Archives—April 2013

CEE Awards for 2013

Congratulations to the following students and faculty for award recognition:

Howard E. Hill Outstanding CEE Faculty of the Year Award – Dr. Tess Ahlborn was awarded the 2013 Howard E. Hill award for Outstanding Faculty of the Year by the students of the Civil and Environmental Engineering Department. Dr. Ahlborn teaches classes in the area of structural engineering. Congratulation Tess!

Graduate Teaching Award – This award is made annually to a graduate student in civil or environmental engineering to recognize excellence in laboratory instruction. This award is voted upon by the CEE undergraduate students. Continue reading

Civil Engineering Graduate Seminar

Civil Engineering Graduate Seminar: Thursday, April 18, 2013, bRoom 642 Dow Bldg., 4:00 – 5:00 pm
Mr. Aboelkasim Diab Ahmed Ali, a civil engineer from Egypt who is studying toward a PhD at Michigan Tech, will discuss the results of two projects that he has recently completed. They are as follows:
1) A Mathematical Approach Bridging Resilient Moduli to Dynamic Moduli for the Mechanistic Empirical Design of Asphalt Pavements, and
2) Rheology Evaluation of Unaged Foam-based Warm Mix Asphalt Modified with Nano Hydrated Lime.

Two Michigan Tech student teams at the EPA’s National Sustainable Design Expo

Billions of people worldwide burn animal dung, crop residues, wood and charcoal to cook their meals. And the chemicals produced and inhaled sicken or kill millions. At particular risk are women who prepare their families’ food and children 5-years-old or younger.

Up to now, most interventions have focused on improving the cookstove to lower emissions. And that would be fine, if there were enough improved cookstoves to go around. But there aren’t. In 2012, only 2.5 million improved cookstoves were distributed, improving the household air pollution situation for exactly one-half of 1 percent of the world’s biomass burners. Continue reading

Two from Tech Among Top 25 Education Professors in Michigan

Joan Chadde, coordinator of education programs for the Center for Science and Environmental Outreach, and Professor Brad Baltensperger, chair of cognitive and learning sciences, have been named among the 25 top education professors in Michigan. The list of top education professors was just released by a nonprofit organization called StateStats, whose mission is to advance education through the use of technology and information tools. StateStats provides education resources online, including lists of professors they have researched and nominated as the best in their profession.


Rail Collaboration: “CN Engineering Challenges”

David Ferryman, Vice President System Engineering for Canadian National Railway visited Michigan Tech on Tuesday, April 2nd, and led a discussion concentrating on “CN Engineering Challenges”. CN is one of the greatest supporters of Michigan Tech’s Rail Transportation Program and Mr. Ferryman visited Michigan Tech to review the facilities and to discuss future collaboration and activities with students and faculty. Continue reading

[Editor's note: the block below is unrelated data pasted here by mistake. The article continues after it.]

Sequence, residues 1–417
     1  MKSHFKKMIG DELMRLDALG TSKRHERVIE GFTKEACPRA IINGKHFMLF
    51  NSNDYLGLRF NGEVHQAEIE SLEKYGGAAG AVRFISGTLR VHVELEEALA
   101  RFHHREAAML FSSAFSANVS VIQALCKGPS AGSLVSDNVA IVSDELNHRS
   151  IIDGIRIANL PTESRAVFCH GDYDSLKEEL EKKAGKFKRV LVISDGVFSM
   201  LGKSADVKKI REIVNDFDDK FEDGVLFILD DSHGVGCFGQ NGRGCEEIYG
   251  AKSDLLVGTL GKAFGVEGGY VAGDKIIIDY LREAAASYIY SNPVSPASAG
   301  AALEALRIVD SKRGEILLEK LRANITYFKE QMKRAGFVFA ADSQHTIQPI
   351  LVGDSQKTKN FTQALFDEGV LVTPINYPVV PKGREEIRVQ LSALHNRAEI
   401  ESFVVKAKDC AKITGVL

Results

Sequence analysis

Civil Engineering Graduate Seminar: Aaron Mazeika

Civil Engineering Graduate Seminar, Thursday, April 4, 4:00 – 5:00 pm, Room 642 Dow

Speaker: Aaron Mazeika, PE, SE, AIA, Skidmore, Owings & Merrill LLP

Topic: Design / Construction of a 413 meter highrise building at Kuwait City Sculpted High-Rise – The Al Hamra Tower

Abstract: With a roof height of 413m, the Al Hamra Tower in Kuwait City is amongst the tallest buildings in the world. Setting it apart from other super high-rise buildings is its unique sculpted form. An example of architectural expression through structural form on a grand scale, the structural system and exterior form were developed in a symbiotic digital design process. The building geometry is generated by a spiraling slice subtracted from a simple prismatic volume. The resultant spiraling building form generates a dramatic cantilevered office wing that wraps around an exterior coutyard. The two resultant cut surfaces are hyperbolic paraboloid reinforced-concrete walls, which extend the full height of the tower and participate in the lateral and gravity force resisting systems. Other noteable features include a Nervi inspired lamella structure bracing the tower columns which curve 24m throught the lobby space, and a spiralling roof geometry that extends 90m from low point to high point and encloses a 40m tall skygarden space.

The design of the Al Hamra Tower required consideration of challenging engineering issues complicated by both the height and form of the structure. Long-term creep and shrinkage of concrete was carefully studied to account for force redistributions and to develop an extensive program of displacement pre-corrections to be made during construction. The spiraling hyperbolic paraboloid ‘flared walls’ required for gravity load support of the cantilevered wing apply a torsional gravity load to the building core that necessitates consideration of both the long-term vertical and torsional deformations of the building structure.

Opened in late 2011, the Al Hamra Tower is a dramatic addition to the skyline of Kuwait City and is set to become a major destination for the city. This presentation will focus on both the technical design and construction challenges in the accomplishment of this complex project.